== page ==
There’s concern in the JUNCTION that The Terracotta House, now under reconstruction, won’t be preserved as-is.
The house was built by construction-yard owner JOHN TURNER. According to Terra Cotta-Artful Deceivers, a book published by the Toronto Region Architectural Conservancy, Turner’s elaborate exterior may have been a way of advertising his business.
The book calls the eccentric design a “misuse”, and as Chris Bateman of blogto puts it “across the front, down the sides, and round the back hundreds of mismatched decorative reliefs make the building look like a displaced Asian temple.” But he kind of likes it.
The Terra Cotta House, 20 Jerome Street, is near Dundas Street West and Dupont.
PHOTOS – blogto, Toronto Star and https://icelandpenny.com
It’s a big one alright. 500 truck loads of rocks and mud are coming out of this giant pit every day. When finished in November, 690,000 cubic metres will have been trucked away. Nine excavators, three bulldozers and one loader are doing the job. <PHOTO by UT Forum contributor Keyz>
The excavation will reach a depth of 23 metres (75 feet) in the middle of the site – making room for loading docks and parking space for 1,732 vehicles. <PHOTO by UT Forum contributor AHK>
<PHOTO by UT Forum contributor AHK>
So here’s what’s going into that giant hole. THE WELL will be a mix of shops, premium office space, entertainment facilities and condos. Hariri Pontarini Architects, architectsAlliance, Wallman Architects, Adamson Associates.
Lumiere Press in TORONTO’s Parkdale has turned out a select group of handmade photography books since 1986. “I decided I wanted a life of the mind and a life in the arts,” MICHAEL TOROSIAN told the Globe and Mail. “And if that meant sacrifices in terms of materialism, it was a sacrifice I was willing to make.”
Just published – ‘The Ballad of Soames Bantry’. hard-bound and hand-crafted, an elegant celebration of the late American photographer SAUL LEITER. <© Saul Leiter Foundation. Courtesy Howard Greenberg Gallery, NYC.>
“I guess it’s like someone who makes violins or something: There might be monetary incentive to turn out 100 violins a year, but if you can only really do 18 credibly, then you’d better stick to the 18.”
<PHOTO ABOVE – by Bernard Weill, October 17/2015 captures an overview of the Lumiere shop with a fisheye lens>
Torosian’s limited-edition books are marketed as works of art and are in the collections of at least 150 museums. “Everything is bespoke. Nothing is off the rack.” The books are unique and so are the prices.
For more about Michael Torosian’s printing & binding process (1950’s lead typecasting machine & hand binding), check out this documentary from YouTube – https://www.youtube.com/watch?v=P16qF7RsAL4&feature=youtube
Once this was the largest distillery in the world, but now it’s a major TORONTO tourist attraction and a National Historic Site. The Gooderham and Worts Distillery was founded in 1832 and provided 7,600,000 litres of whisky to a thirsty world. Most of it was exported onto the world market, and a good deal of it went south to the US.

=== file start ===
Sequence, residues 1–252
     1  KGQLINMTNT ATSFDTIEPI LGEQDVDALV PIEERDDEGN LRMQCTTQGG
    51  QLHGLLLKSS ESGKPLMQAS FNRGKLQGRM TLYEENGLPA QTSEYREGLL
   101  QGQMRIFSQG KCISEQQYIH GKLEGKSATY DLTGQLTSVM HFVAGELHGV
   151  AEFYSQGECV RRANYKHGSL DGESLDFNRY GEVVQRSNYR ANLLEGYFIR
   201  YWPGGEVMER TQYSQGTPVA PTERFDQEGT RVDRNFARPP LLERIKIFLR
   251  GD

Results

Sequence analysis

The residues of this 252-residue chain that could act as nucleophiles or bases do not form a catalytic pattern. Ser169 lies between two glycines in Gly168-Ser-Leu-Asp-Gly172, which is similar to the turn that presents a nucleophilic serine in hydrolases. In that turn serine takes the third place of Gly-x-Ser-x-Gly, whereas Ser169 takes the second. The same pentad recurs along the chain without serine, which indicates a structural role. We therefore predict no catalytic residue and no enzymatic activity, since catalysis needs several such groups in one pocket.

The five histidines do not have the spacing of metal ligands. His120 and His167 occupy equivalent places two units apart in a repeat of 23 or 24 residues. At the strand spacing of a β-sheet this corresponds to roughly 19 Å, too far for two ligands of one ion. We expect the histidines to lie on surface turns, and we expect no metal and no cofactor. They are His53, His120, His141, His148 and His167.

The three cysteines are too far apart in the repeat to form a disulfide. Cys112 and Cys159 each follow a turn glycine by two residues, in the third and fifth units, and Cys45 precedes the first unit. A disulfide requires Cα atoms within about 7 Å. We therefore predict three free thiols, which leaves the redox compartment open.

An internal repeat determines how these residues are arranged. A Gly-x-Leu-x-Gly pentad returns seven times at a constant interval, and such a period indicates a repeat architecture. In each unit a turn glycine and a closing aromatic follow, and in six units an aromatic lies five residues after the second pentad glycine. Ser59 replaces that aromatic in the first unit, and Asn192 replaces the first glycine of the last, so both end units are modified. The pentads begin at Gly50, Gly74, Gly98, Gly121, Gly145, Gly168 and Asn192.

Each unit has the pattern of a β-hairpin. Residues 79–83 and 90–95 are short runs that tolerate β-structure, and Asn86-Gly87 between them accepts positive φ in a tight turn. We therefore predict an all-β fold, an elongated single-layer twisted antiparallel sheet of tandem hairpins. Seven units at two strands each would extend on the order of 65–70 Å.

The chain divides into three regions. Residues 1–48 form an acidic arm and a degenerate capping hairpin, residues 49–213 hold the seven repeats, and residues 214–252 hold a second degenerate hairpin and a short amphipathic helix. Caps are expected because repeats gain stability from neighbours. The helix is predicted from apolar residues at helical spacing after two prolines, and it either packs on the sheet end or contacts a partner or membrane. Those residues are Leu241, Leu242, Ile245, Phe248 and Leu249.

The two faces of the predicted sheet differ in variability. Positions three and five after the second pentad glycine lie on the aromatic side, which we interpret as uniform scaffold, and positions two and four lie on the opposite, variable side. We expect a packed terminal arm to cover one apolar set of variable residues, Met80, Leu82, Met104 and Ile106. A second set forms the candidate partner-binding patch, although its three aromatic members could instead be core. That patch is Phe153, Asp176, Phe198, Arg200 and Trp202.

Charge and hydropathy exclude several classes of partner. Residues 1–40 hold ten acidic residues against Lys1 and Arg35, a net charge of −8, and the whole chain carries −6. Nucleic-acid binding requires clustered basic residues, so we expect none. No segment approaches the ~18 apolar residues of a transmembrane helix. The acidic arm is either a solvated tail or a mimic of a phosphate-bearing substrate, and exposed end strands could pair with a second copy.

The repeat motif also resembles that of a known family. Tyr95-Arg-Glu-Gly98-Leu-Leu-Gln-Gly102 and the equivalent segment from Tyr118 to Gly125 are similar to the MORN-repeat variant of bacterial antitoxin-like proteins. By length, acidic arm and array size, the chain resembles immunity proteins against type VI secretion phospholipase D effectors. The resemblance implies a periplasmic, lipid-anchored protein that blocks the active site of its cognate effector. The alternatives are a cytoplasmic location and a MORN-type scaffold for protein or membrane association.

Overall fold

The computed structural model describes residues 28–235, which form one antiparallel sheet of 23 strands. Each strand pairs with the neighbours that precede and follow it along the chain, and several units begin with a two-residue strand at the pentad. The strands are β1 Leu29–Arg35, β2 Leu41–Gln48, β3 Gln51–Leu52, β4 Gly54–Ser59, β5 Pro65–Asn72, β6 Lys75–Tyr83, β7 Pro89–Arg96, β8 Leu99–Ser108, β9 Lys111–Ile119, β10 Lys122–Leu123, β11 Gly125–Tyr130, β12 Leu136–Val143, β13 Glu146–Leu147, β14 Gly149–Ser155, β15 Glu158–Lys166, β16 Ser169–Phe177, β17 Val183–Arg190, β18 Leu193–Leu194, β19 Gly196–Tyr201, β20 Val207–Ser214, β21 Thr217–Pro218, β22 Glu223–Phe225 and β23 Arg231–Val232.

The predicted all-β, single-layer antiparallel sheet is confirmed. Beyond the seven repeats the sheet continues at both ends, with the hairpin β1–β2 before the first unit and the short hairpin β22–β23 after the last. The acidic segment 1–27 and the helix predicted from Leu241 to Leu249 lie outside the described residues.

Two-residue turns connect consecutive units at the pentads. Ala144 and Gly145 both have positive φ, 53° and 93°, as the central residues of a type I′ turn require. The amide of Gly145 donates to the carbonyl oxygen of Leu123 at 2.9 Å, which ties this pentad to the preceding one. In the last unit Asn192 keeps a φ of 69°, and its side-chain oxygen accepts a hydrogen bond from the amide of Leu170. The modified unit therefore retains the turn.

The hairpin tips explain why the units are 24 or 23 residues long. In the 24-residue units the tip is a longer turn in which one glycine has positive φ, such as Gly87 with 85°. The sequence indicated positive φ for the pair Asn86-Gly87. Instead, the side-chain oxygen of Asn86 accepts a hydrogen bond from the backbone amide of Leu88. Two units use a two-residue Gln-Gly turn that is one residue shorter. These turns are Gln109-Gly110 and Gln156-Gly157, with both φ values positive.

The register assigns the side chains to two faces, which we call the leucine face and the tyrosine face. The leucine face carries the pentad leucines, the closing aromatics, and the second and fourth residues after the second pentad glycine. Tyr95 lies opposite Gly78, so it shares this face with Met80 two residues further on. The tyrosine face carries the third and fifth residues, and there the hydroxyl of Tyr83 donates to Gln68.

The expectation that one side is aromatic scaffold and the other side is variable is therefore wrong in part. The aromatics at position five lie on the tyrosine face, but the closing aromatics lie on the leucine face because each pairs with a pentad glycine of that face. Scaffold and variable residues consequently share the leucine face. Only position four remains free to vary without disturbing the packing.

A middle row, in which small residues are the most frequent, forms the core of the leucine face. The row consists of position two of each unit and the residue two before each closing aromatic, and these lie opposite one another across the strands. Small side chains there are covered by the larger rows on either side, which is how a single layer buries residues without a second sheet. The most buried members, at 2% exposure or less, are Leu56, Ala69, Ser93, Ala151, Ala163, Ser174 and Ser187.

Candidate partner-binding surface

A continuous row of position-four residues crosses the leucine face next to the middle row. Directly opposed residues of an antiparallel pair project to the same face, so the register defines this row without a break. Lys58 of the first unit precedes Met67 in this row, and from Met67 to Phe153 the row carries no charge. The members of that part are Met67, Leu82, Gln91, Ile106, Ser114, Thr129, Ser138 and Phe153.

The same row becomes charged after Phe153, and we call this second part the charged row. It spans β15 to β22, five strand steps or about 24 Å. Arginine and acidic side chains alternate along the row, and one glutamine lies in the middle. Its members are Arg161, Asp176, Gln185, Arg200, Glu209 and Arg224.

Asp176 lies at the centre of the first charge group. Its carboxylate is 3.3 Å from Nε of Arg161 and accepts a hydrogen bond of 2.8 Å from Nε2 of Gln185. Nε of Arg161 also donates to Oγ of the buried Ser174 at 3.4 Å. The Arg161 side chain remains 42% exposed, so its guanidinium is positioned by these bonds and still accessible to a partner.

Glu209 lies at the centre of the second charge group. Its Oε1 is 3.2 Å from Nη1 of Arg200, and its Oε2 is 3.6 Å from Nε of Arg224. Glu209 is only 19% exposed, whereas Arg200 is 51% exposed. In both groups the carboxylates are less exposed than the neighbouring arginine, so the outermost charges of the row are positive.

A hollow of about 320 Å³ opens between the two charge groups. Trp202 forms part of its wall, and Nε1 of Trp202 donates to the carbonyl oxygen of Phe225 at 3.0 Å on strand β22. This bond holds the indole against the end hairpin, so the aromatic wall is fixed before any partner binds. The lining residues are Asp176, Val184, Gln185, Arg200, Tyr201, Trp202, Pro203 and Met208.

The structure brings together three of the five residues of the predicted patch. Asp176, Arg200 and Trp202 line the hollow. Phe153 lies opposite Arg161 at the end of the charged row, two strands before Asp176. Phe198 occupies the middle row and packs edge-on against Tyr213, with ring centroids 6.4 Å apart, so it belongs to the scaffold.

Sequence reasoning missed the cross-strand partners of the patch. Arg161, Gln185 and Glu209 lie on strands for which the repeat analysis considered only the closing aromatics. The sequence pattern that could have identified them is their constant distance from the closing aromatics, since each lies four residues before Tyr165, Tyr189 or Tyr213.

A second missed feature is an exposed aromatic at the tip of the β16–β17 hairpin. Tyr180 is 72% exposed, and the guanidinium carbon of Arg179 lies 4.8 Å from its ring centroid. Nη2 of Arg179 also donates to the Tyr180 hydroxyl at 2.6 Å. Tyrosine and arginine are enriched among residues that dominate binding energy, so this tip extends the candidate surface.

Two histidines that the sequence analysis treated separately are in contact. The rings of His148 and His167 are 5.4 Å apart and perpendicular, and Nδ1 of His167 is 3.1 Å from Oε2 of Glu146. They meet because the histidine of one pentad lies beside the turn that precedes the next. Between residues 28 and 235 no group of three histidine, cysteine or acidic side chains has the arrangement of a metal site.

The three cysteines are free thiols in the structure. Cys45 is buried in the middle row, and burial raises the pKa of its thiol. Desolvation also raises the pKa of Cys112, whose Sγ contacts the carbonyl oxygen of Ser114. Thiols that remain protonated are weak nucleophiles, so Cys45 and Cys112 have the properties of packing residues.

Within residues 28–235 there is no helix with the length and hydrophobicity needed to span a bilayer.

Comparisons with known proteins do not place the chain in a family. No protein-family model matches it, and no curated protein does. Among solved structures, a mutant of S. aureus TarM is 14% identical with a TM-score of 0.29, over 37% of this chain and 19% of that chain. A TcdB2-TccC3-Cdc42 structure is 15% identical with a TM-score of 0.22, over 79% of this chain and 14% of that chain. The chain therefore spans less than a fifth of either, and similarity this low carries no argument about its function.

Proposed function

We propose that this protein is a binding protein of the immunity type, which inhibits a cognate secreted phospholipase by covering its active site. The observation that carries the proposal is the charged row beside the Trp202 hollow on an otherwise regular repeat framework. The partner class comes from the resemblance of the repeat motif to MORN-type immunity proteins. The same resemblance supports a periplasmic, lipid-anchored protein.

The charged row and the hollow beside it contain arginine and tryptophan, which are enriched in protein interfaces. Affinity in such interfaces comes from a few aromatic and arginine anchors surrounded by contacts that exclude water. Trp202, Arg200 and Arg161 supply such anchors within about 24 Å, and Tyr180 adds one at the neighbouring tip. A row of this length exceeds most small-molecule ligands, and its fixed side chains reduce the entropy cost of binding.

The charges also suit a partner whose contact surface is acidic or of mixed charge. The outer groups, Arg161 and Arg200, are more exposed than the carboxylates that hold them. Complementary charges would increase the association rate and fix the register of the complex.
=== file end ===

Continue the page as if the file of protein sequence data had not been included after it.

In 2003 the District opened to the public, with a variety of small boutiques, art galleries, restaurants, coffee houses, a micro brewery – but no chain stores.
Several condominium buildings have been built in the area – making the District financially viable. About 900 movies and television shows have been filmed here – including ‘Chicago’ and ‘A Christmas Story’.
<The Corkin painting and photography gallery is on Tank House Lane>
<One of three theatres inside the Young Centre for Performing Arts, home to the Soulpepper Theatre Company & George Brown College’s theatre school>
<The Stone Distillery, built in 1859, is the oldest and largest structure in the Distillery District. It’s made from limestone imported from KINGSTON, Ontario – and is an outstanding representation of Victorian industrial architecture.
<The #514 Cherry streetcar, which travels along King Street, terminates its eastern run near the Distillery District.>
Moriyama & Teshima Architects of TORONTO and Acton Ostry Architects of VANCOUVER have won the competition to design George Brown College’s tall wooden structure to be built beside Sherbourne Common Park in the East Bayfront neighbourhood.
*research facilities for climate-friendly building practices
*a School of Computer Technology
*a child-care facility
*Canada’s first Tall Wood Research Institute
*$130-million to build
*Construction scheduled to begin in 2021
The innovative design was chosen from a field of four finalists, the other three teams being Patkau Architects of VANCOUVER + MJMA of TORONTO, Provencher Roy of MONTREAL+ Turner Fleischer of TORONTO, and Shigeru Ban of TOKYO + Brook McIlroy of TORONTO.
<ABOVE – the four finalists for The Arbour>
GEORGE BROWN COLLEGE is a rapidly growing institution, with its Fashion X development in Regent Park, campuses at Casa Loma, the Waterfront, and the St. James neighbourhood. Its School of Media & Performing Arts connected to the Young Theatre Centre in the Distillery District; Studies in Community Health at Ryerson University; the Prosthetic & Orthotic Programs at Sunnybrook Hospital; and the Chef’s House on King Street West.